- A new
studyfinds that addiction has gone up among young people who live in states where recreational cannabis is legal.
- The overall rate of addiction remains low, but the findings are concerning for experts.
- Additionally, experts are learning more about how heavy cannabis use can take a toll on health.
Since recreational marijuana was legalized in multiple states, experts have wondered if addiction rates would start to rise.
Now a new
Cannabis use disorder (CUD) in 12- to 17-year-olds went up 25 percent in legalized states since it was approved for recreational use, rising from 2.18 percent to 2.72 percent.
Among adults over the age of 26, marijuana use was 26 percent higher in states that allowed recreational use compared to those who did not.
Frequent use went up by 23 percent, and cannabis use disorder (CUD) went up 37 percent in the same age group, rising from 0.90 percent to 1.23 percent.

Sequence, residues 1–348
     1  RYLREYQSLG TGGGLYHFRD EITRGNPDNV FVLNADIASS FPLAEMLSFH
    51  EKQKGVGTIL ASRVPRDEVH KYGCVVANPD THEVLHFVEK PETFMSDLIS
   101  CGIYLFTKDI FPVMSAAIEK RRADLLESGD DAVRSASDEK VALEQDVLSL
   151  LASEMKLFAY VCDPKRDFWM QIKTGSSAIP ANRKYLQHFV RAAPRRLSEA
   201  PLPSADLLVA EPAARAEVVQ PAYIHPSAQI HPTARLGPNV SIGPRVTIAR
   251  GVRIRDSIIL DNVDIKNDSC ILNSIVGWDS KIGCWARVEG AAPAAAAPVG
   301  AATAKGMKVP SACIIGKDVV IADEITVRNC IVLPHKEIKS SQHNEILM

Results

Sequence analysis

CUD is also known as marijuana addiction.
These same increases were not seen in people between the ages of 18 to 25.
While the overall rate of CUD remained low, the research answers some questions about how legalization of marijuana may impact addiction rates.
The study was conducted by a team at the Columbia University Mailman School of Public Health and NYU Grossman School of Medicine, and published in JAMA Psychiatry.
CUD can be linked to long-term adverse health and economic and social impacts, said Dr. Silvia S. Martins, an associate professor at Columbia University and report senior author.
Martins’s team looked at data from 505,796 people from the National Survey on Drug Use and Health. They compared data from Colorado, Washington, Alaska, and Oregon — the first four states to legalize marijuana for recreational use — against data from states that have not legalized marijuana for recreational use.
The data was collected between 2008 and 2016. They looked at the following age groups: 12 to 17, 18 to 25, and 26 and older. Recreational marijuana was legalized in Colorado and Washington in 2012; in Alaska in 2014, and in Oregon in 2014. As of now, 11 states and Washington, D.C., have legalized marijuana for recreational use. It is legalized for medicinal use in 33 states.